Sonification as art: Developing praxis for the audification of compost
Parker, J. no.e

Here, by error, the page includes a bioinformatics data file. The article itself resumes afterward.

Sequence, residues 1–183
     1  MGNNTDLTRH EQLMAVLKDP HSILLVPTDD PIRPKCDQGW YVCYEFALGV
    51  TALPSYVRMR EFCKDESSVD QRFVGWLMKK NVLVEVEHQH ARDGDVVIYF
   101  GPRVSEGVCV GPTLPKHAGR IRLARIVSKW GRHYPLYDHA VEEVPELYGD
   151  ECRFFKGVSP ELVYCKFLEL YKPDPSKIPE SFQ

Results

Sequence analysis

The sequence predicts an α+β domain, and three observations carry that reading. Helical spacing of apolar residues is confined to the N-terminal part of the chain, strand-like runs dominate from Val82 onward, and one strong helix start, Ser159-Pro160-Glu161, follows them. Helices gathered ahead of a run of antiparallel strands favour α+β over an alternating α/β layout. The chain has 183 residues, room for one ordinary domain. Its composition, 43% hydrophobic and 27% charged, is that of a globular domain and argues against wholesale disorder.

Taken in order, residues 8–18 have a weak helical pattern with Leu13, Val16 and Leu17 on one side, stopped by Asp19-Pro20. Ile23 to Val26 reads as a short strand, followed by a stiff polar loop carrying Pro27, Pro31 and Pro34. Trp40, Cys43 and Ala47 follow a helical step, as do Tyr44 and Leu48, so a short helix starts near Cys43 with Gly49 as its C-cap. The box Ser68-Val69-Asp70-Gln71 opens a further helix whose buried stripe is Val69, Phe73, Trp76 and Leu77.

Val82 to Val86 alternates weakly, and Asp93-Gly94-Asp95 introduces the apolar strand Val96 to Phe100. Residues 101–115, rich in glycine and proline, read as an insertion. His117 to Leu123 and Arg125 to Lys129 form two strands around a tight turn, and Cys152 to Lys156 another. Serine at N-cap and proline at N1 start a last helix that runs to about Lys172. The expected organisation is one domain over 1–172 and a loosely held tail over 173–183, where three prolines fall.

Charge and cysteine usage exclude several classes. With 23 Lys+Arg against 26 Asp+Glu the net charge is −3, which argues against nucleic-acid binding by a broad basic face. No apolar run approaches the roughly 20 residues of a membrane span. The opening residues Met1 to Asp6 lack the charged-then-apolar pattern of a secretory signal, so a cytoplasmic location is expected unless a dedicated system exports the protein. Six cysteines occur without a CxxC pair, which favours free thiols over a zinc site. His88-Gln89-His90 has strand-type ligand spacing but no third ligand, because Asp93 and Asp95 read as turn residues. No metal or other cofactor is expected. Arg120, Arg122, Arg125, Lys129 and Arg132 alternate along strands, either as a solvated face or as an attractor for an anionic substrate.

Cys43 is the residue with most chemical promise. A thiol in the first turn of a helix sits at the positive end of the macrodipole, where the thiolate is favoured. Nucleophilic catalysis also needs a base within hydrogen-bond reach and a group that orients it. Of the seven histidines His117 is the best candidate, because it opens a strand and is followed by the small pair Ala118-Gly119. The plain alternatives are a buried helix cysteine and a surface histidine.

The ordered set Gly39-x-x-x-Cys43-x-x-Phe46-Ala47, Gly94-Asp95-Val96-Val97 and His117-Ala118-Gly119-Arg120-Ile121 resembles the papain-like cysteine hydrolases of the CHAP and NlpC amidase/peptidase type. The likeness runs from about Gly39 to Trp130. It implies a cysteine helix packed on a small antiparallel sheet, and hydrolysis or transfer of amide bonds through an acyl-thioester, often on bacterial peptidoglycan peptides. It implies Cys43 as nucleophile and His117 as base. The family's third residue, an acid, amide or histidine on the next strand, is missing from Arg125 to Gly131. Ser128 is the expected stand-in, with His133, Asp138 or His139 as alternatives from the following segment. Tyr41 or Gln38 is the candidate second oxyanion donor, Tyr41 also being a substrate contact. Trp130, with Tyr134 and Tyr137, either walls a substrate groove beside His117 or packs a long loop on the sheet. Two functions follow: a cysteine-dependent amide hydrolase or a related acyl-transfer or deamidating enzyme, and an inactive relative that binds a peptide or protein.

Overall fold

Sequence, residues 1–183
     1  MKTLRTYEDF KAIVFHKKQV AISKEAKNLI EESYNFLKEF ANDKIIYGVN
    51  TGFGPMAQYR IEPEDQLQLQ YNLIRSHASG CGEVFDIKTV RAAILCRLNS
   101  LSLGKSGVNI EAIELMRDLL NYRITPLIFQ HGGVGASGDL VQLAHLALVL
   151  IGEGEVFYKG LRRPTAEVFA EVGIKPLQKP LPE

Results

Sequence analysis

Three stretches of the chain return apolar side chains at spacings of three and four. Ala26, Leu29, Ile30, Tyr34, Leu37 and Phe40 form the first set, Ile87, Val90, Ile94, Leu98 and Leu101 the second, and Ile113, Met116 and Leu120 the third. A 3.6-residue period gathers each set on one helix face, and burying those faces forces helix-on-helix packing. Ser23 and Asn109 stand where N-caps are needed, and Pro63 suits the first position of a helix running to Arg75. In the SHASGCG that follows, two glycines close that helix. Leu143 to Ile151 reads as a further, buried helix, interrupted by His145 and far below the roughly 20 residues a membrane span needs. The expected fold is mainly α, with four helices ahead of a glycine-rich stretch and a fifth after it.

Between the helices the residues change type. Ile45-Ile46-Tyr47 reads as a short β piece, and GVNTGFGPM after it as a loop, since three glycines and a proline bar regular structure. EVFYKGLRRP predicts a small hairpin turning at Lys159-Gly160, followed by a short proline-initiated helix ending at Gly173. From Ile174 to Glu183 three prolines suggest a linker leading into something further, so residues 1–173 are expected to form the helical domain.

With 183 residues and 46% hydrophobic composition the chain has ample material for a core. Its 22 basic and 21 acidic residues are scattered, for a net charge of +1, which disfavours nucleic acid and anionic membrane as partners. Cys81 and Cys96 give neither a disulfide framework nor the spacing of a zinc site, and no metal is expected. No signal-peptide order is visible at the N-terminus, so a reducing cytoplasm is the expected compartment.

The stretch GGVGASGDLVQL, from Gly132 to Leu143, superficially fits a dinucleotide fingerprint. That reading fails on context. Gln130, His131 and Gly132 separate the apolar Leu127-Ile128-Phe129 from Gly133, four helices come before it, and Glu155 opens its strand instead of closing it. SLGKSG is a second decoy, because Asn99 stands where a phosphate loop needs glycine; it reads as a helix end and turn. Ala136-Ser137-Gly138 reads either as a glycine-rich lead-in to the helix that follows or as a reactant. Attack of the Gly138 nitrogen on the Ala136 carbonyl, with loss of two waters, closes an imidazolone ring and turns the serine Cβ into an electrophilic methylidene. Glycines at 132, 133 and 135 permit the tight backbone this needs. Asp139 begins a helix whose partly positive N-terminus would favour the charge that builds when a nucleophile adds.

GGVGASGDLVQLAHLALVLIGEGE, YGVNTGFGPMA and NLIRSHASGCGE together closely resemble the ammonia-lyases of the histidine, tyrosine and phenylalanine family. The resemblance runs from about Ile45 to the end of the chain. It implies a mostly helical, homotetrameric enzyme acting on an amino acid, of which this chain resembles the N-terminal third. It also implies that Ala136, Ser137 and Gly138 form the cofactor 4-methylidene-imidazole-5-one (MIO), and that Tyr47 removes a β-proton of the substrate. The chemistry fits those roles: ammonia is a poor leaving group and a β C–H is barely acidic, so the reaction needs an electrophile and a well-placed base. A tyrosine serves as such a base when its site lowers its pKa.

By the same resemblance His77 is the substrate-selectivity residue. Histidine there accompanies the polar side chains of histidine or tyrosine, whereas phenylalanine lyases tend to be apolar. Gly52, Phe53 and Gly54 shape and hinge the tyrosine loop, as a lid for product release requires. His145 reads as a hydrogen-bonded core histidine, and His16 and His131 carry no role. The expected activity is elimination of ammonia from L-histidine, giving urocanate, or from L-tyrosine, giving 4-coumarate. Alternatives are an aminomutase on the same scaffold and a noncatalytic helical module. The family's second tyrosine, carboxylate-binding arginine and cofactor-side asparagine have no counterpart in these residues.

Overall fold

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This paper introduces compost as a rich site for creative exploration and expression via the medium of sonification art in the context of Composing [De]Composition, a large-scale audiovisual installation/performance work to be presented at University of California Riverside’s Culver Center for the Arts from June-October 2015. Here, the author non-reductively describes the multiagential and poly-temporal nature of compost through detailing the evolution of an artistic praxis involving: the observation, audification, and sonification of compost temperatures; the development new sensing methods for data-collection; and sound-mapping strategies. The main observable driving the project is incalescence—the heat generated by the composting process. Audification of this biological process brings a perceivably silent activity into the tangible reach of human hearing. The collection and real-time audification of temperature data using a custom interface to route sensor data to MAX/MSP enables listeners to better understand the complex ecology of a heterogeneous mass that is simultaneously decomposing, supporting a myriad of life forms while also enabling the bioavailability of macronutrients to the soil. In addition, the recontexualization of temporally-based temperature data into sound creates fertile ground for exploration in the compositional realm, as the collection of data over time depicts inherent patterns occurring in the systems analyzed, while the basis of music also builds upon the use of patterns (pitch based, rhythmic) through time. Sonification of these patterns enables the composer/sound artist to create compositions in partnership with her subject/phenomenon of study.